The Weekend Australian, March 25, 2006
By Christopher Bantick.
SOMETIMES a book appears that changes the heart. Patrice Newell’s Ten Thousand Acres is such a one. On first appearances, the evocative photographs by Simon Griffiths and Travis Peake may lead the casual browser to allocate the book coffee-table status. To do so would be doing it a disservice: Ten Thousand Acres expounds a gentle if insistent argument for environmental change.
For the past two decades, Newell has devoted herself to managing Elmswood, near Gundy in NSW’s upper Hunter. The property, which has been the subject of two earlier nonfiction books, The Olive Grove and The River, is a certified biodynamic farm that produces beef, olive oil and honey. It is also the focus of this love story. As with many relationships that develop into intimacy, Newell confesses that her first touch of soil, wind and leaf of Elmswood was “wondering, awed and tentative”. Since then she has simply and completely fallen in love with this acreage, and is now “deep rooted” and convinced. She has also become an advocate for change in Australian farming practices and hers is a clear and compelling voice amid a long line of similar lovers of the soil.
Back in 1853, Josiah Mitchell, who settled in Victoria from Whitehaven in Cumberland, was noting that colonial farmers could not depend on “traditional history handed down through generations”. Newell presents a similar argument. In her nursing of Elmswood back to biodiversity and seasonal health, Newell propounds the entirely plausible argument that new thinking of how land is managed and more critically understood is essential for the future of Australian agriculture and for the land. Of the land, she writes: “We are its children. And every portion of our farm and every tiny piece of it is part of the whole. To be a good farmer, you must keep the land alive.” As much as she is unambiguous in her measured assessment of the ills of many broad-acre farming practices, Newell never adopts a strident or hectoring tone. With due recognition of Australia’s ancient topographical and geographical past, and the indigenous empathy with its rhythms, she notes that “learning this land needs time”. Her love song for Elmswood brings to mind Ronald Blyth’s Akenfield and Laurie Lee’s Cider With Rosie. In those books, villages smaller than the 4000ha of Elmswood were explored in extensive detail.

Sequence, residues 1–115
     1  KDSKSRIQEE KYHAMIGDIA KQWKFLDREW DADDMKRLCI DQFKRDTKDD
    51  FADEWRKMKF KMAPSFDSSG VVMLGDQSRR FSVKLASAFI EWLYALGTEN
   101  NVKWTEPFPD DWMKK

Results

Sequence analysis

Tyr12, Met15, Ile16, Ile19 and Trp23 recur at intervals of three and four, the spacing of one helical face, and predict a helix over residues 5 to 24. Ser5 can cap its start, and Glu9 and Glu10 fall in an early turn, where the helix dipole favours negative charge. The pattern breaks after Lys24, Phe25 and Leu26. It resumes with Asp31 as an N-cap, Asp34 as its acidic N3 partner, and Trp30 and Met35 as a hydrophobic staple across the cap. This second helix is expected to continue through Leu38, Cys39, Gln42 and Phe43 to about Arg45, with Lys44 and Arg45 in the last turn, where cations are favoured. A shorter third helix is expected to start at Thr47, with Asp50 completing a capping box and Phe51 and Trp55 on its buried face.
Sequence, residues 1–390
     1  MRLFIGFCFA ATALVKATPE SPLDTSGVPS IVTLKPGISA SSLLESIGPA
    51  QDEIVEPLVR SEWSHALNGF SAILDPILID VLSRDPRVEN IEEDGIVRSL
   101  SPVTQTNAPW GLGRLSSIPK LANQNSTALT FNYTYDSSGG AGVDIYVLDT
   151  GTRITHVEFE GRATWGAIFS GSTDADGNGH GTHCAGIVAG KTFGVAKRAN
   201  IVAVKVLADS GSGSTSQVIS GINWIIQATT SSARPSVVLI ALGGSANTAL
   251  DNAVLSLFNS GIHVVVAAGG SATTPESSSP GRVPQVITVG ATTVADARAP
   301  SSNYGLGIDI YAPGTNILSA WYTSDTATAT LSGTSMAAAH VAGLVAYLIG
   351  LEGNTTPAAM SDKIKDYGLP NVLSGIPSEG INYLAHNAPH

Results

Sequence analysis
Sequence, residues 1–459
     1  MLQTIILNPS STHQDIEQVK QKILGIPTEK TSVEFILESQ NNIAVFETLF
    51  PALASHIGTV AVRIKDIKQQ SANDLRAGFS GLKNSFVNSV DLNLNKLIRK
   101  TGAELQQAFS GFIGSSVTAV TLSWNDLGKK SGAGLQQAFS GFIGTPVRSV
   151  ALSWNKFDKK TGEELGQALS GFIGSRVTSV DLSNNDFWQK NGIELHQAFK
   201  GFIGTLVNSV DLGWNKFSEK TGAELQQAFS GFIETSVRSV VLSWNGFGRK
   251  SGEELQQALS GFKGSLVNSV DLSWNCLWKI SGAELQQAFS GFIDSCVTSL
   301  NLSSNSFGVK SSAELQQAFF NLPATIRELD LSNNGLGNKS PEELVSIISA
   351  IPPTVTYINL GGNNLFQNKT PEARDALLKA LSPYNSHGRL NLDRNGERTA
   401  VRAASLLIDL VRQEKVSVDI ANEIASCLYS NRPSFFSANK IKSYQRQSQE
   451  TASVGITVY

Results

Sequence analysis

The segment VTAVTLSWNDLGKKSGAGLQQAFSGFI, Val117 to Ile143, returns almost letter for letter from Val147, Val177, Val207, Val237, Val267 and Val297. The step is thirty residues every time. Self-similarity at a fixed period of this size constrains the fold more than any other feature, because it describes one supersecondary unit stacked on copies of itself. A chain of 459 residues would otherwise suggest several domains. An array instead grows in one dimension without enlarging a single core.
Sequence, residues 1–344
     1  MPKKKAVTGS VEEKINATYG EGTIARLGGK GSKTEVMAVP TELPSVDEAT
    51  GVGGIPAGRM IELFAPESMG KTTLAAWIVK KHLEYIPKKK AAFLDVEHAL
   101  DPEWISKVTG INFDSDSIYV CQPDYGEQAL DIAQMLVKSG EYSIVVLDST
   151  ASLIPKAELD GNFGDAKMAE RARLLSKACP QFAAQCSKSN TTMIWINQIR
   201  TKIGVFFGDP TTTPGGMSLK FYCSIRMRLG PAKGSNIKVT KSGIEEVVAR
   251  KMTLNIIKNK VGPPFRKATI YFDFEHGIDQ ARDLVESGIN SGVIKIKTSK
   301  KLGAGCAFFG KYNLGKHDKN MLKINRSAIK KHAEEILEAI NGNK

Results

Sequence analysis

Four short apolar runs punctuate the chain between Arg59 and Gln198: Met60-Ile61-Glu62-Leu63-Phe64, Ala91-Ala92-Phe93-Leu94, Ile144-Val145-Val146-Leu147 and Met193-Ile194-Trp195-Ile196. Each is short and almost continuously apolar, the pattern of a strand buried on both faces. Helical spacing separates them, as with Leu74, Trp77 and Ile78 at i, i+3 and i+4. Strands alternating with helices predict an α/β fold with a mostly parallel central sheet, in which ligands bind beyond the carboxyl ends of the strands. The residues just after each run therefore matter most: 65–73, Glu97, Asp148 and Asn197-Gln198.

Newell’s exploration is as embracing, yet her macro-vision of the land’s needs form only part of her ruminations. The book is also a cache of memories and hopes, and in this it becomes deeply personal. Pressed flowers, grasses, botanical descriptions and family snaps distinguish particular memories and moments of discovery. They become talismans, almost charms of years winnowed out in soil, hives and furrow. While she also exposes the harsh realities of farming, not least her disarmingly frank observation that “over the years we’ve had plagues of mice verging on the biblical”, the strongest message is that loving the land, listening to it and responding to its micro changes will be returned in fruitfulness and favour. Newell’s patience and repudiation of damaging mass production techniques is revealed simply when she observes that her biodynamic wheat “still holds the sunshine” and that turning the Elmswood soil is like “slicing a chocolate cake”. As James McAuley noted in the poem In the Huon Valley: “Something is gathered in/Worth the lifting and stacking.” Newell has given readers a welcome autumn harvest.